One of the core doctrines in Christianity is that Jesus Christ will come back to the earth at an unknown time to destroy the enemies of God, rid the world of sin, reward followers, and establish peace. This is known as the Second Coming. Because Christians interpret key passages differently, there is not uniform agreement as to what events, if any, lead up to this event.
The three views on the end times that have been dominant in the history of Christianity are postmillennialism, amillennialism, and premillennialism. As their names suggest, the differences center on their understanding of the 1,000-year “millennial period,” which is mentioned in Revelation 20:1-6:
And I saw an angel coming down out of heaven, having the key to the Abyss and holding in his hand a great chain. 2 He seized the dragon, that ancient serpent, who is the devil, or Satan, and bound him for a thousand years. 3 He threw him into the Abyss, and locked and sealed it over him, to keep him from deceiving the nations anymore until the thousand years were ended. After that, he must be set free for a short time. 4 I saw thrones on which were seated those who had been given authority to judge. And I saw the souls of those who had been beheaded because of their testimony for Jesus and because of the word of God. They had not worshiped the beast or his image and had not received his mark on their foreheads or their hands. They came to life and reigned with Christ a thousand years. 5 (The rest of the dead did not come to life until the thousand years were ended.) This is the first resurrection. 6 Blessed and holy are those who have part in the first resurrection. The second death has no power over them, but they will be priests of God and of Christ and will reign with him for a thousand years. (NIV)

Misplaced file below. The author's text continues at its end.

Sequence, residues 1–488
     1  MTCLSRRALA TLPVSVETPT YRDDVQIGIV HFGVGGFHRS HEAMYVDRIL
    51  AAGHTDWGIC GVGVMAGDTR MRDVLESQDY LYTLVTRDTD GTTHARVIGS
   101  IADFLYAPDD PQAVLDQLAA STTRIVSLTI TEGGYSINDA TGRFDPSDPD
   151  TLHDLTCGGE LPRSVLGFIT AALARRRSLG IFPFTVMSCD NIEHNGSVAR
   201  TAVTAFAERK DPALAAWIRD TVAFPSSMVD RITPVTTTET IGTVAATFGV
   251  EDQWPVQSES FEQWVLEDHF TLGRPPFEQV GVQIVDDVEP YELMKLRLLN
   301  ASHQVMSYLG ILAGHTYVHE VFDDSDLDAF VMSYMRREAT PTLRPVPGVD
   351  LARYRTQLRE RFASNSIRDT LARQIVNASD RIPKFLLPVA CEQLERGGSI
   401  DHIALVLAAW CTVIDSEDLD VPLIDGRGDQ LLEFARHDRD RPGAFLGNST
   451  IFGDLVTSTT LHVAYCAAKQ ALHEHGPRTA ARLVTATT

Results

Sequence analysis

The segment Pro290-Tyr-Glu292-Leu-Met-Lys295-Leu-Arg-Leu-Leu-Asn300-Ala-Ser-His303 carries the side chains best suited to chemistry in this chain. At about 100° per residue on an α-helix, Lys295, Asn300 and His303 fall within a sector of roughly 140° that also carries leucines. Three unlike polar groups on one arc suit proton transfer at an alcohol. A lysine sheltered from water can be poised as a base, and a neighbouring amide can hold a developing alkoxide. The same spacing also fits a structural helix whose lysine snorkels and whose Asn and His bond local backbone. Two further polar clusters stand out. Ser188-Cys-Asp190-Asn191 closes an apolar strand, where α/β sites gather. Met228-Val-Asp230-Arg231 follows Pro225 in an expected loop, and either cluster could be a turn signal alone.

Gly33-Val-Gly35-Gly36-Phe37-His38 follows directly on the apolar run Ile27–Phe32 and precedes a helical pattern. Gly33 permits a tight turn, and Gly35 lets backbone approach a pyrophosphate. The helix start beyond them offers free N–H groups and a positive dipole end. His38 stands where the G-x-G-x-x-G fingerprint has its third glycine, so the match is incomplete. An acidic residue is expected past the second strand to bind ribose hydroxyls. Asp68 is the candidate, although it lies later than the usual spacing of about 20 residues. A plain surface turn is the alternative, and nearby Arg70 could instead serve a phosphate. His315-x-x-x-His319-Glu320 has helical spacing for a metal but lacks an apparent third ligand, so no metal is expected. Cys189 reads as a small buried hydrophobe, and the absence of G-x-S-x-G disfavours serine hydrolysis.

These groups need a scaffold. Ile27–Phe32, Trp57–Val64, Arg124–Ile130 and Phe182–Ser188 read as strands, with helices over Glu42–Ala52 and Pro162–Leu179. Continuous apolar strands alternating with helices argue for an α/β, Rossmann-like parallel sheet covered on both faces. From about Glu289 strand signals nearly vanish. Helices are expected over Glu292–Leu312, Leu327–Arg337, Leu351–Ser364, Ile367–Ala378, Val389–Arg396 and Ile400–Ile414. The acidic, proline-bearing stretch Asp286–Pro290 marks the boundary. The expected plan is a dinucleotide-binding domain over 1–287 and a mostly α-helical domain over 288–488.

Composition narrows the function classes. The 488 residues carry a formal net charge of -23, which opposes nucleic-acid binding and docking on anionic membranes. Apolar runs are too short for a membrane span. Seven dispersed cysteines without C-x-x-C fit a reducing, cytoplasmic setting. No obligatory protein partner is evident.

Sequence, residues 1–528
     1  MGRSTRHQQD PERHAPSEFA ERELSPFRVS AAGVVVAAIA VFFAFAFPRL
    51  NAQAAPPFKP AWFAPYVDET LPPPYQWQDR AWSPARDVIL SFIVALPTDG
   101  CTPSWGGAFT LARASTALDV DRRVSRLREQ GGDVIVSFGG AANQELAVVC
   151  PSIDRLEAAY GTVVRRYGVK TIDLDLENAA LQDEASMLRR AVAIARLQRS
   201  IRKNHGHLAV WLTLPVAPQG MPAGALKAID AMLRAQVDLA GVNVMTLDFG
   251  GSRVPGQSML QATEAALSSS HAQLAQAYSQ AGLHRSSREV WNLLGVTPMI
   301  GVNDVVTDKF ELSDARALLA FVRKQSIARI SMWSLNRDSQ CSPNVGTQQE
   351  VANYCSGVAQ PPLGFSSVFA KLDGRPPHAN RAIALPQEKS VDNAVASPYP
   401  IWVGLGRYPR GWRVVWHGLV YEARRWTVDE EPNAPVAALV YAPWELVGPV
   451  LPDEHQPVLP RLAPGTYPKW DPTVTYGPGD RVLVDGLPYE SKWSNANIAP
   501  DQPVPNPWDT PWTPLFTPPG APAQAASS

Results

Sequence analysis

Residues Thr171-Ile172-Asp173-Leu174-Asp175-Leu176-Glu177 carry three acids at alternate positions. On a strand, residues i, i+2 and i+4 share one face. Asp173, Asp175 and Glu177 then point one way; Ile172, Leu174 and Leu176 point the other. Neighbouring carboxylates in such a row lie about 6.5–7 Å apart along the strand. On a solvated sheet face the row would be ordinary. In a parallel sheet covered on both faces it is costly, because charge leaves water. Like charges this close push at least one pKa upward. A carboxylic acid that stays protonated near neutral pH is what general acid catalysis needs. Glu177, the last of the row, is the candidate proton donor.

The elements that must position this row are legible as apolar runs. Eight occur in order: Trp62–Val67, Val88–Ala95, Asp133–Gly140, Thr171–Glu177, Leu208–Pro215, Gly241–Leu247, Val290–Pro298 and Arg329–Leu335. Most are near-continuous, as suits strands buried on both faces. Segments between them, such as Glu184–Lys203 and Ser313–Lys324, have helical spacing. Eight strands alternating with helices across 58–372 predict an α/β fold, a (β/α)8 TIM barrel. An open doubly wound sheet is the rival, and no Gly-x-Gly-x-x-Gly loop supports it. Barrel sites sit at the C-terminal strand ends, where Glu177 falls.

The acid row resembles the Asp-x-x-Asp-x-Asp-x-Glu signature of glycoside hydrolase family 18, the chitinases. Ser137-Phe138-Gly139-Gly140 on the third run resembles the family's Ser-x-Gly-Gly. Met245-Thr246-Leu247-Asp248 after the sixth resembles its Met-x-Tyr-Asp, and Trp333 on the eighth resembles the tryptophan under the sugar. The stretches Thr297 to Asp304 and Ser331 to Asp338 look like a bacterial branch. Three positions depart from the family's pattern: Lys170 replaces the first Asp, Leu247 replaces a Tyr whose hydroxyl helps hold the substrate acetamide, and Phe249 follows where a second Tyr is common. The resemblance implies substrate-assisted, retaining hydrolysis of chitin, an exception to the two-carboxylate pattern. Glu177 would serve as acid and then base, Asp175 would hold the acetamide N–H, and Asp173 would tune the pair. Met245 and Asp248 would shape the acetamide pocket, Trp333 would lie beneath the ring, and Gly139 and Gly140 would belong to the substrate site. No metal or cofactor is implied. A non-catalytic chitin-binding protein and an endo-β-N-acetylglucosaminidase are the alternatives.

Whether the millennial period as described in Revelation is literal or figurative is at the core of interpretative disagreements. Other significant points of disagreement between the views are what events, if any, the Bible teaches will precede the millennium, what activities will occur within the period, and if Jews and Gentiles are distinguished at the time.